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What You Need to Know About Workers’ Comp for Remote Employees

4 Mins read

Working from home is not a new practice. There were people spending some or all of their working hours at home well before COVID-19, and both the percentage of the workforce and work-from-home hours had been rising for some time. But for obvious reasons, the number of people telecommuting skyrocketed during the pandemic. “While remote work was vital to keeping businesses functioning and employees safe when the crisis was at its peak, the new dynamic led to some questions about business operations that linger today,” says Peter Shelley, president at business insurer biBERK. “One of them concerns workers’ comp for remote employees.”

Workers’ compensation insurance is vital for workers and their families and is mandated for nearly all companies with employees. It covers costs incurred as a result of work-related accidents or illnesses, such as:

  • Medical bills
  • Lost wages during treatment and recovery
  • Death benefit

Generally speaking, workers’ comp covers incidents that “arise out of” a worker’s employment without any specifics on where work activities are being conducted. In other words, if an employee suffers an injury while completing company work tasks at home, they may have a valid workers’ comp claim.

Interpreting Workers’ Comp Laws and Their Application in Home Settings

Workers’ comp laws and insurance policies were developed at a time, long ago, when work was performed almost exclusively at a company’s place of business. That extended beyond company property if workers were, for example, at a remote jobsite. But that was as far as it went.

In that scenario, employers were well-positioned to monitor employee activities and encourage safe behaviors that limited injury risks. Accidents still occurred, of course, but companies could, at least, take actions meant to reduce the number and severity of incidents. Even on remote job sites, there typically were other employees around to reinforce safety rules and monitor their peers to some degree.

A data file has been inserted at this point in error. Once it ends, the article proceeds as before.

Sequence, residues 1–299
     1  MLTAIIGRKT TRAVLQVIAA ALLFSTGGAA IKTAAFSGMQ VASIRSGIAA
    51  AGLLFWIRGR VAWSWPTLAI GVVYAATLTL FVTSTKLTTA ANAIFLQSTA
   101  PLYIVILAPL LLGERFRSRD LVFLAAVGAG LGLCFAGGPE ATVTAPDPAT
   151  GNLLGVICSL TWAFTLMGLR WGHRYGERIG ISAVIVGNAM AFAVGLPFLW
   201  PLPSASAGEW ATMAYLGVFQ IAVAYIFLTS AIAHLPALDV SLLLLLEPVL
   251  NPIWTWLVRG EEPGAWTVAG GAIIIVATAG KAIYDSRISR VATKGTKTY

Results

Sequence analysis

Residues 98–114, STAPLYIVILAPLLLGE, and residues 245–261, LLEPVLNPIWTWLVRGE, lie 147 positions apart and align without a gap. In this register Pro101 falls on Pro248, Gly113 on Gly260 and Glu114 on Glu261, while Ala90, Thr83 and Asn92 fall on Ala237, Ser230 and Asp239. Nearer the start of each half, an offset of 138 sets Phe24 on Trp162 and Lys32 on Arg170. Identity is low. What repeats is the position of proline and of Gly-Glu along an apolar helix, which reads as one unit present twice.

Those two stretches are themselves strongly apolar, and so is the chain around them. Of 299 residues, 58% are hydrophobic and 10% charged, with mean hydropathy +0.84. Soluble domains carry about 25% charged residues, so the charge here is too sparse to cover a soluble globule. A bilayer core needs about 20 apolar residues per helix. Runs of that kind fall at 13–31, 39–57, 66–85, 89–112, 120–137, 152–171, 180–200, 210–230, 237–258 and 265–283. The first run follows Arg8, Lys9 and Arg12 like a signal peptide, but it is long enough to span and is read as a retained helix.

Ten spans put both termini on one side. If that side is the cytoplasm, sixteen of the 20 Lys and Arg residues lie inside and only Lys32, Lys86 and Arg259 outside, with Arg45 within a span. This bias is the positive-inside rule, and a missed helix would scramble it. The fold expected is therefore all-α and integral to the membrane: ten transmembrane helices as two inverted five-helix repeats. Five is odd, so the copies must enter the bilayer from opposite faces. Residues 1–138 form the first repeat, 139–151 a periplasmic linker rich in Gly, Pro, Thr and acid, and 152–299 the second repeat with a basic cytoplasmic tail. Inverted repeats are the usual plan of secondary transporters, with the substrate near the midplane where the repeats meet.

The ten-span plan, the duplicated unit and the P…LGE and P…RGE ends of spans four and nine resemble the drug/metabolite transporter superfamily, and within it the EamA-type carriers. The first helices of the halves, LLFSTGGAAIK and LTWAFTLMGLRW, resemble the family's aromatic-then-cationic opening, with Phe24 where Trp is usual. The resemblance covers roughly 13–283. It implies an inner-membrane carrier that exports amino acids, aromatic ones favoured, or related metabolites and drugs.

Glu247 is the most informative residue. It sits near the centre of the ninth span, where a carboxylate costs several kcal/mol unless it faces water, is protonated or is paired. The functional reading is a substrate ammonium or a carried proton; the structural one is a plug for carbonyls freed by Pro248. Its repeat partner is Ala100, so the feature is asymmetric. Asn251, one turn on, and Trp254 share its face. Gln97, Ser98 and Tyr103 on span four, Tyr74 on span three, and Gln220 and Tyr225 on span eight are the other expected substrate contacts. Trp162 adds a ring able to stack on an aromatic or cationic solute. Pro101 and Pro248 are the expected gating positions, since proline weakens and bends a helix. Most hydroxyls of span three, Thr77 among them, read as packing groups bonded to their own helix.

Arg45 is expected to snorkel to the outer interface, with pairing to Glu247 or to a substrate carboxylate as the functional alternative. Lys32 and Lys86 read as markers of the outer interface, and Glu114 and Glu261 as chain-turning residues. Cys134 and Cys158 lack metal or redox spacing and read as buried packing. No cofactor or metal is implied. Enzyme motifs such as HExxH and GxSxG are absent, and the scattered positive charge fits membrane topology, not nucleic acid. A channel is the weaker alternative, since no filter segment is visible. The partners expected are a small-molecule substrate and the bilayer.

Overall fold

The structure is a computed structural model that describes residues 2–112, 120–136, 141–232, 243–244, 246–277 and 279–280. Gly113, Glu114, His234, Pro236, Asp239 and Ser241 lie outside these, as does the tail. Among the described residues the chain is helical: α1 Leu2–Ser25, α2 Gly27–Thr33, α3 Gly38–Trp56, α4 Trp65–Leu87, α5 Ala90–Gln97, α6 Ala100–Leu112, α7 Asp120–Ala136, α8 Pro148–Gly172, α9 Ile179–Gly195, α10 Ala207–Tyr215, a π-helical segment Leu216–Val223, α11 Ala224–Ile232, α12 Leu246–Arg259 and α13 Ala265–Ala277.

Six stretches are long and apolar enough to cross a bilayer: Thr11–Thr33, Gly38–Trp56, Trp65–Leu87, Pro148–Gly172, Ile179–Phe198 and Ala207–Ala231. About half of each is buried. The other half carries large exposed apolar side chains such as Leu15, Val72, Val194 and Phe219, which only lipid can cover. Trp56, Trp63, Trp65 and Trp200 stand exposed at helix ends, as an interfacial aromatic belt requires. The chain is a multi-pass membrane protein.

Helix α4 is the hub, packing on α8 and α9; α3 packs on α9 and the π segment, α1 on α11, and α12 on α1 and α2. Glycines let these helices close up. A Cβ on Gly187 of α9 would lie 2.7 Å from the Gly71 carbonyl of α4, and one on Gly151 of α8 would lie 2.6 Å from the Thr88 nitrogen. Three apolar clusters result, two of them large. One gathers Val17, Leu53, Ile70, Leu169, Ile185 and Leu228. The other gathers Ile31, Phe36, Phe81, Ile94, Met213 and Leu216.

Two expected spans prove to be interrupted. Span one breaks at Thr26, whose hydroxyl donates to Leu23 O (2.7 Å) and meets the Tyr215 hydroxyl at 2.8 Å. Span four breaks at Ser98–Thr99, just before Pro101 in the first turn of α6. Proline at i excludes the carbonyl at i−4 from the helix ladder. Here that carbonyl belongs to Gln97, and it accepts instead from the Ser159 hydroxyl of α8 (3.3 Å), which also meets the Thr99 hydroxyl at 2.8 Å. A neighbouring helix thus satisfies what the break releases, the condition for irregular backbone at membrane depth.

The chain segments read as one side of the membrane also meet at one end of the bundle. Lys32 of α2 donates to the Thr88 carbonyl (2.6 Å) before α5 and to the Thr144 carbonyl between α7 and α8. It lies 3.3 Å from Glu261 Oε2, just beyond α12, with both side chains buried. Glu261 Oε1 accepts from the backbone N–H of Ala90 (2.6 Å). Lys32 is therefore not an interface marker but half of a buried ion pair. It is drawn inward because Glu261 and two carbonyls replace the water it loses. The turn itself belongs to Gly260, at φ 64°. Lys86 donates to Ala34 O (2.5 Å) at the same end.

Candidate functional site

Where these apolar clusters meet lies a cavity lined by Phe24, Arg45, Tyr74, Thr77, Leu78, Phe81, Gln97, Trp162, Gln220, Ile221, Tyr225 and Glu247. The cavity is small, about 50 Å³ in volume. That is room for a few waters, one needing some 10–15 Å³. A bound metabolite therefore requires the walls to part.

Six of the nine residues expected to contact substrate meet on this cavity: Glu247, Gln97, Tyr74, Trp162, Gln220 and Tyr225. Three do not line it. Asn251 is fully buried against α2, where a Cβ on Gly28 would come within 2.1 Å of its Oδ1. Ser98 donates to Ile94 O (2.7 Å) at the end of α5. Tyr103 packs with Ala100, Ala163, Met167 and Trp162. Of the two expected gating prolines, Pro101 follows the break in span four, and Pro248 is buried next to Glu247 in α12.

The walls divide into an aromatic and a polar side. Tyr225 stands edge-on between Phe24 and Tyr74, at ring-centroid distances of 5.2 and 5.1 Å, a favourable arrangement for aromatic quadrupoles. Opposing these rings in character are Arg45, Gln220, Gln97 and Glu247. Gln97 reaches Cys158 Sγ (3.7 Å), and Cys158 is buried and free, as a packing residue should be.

An employee working from home today has far less oversight and, consequently, far more leeway in how they do their work. As a result, determining and administering workers’ comp rights and benefits is much more challenging now than in the past.

If an employee sprains their ankle walking across the room to retrieve a work-related document from a printer, that’s a fairly clear-cut worker’s compensation claim. But what if an injury occurs while they’re taking a bathroom break? Walking down the street to get their mail? Taking their dog outside?

Those scenarios aren’t nearly as straightforward. How states interpret workers’ compensation insurance laws and guidelines varies. However, many activities tend to be addressed by what’s called the personal comfort doctrine.

It says that employees should be covered if they’re hurt during activities like getting a snack from the kitchen during their workday. On the other hand, a court might disallow a claim for an injury related to animal-care activities. The reasoning is that tending to a pet’s, child’s, or other person’s needs isn’t related, in any way, to someone’s job responsibilities.

Tips for Minimizing Work-From-Home Injuries

While employers can’t observe or control what workers are doing at home, they can establish a work-from-home framework that helps reduce the chances that someone will be injured while working.

For example, business owners or managers can (and should):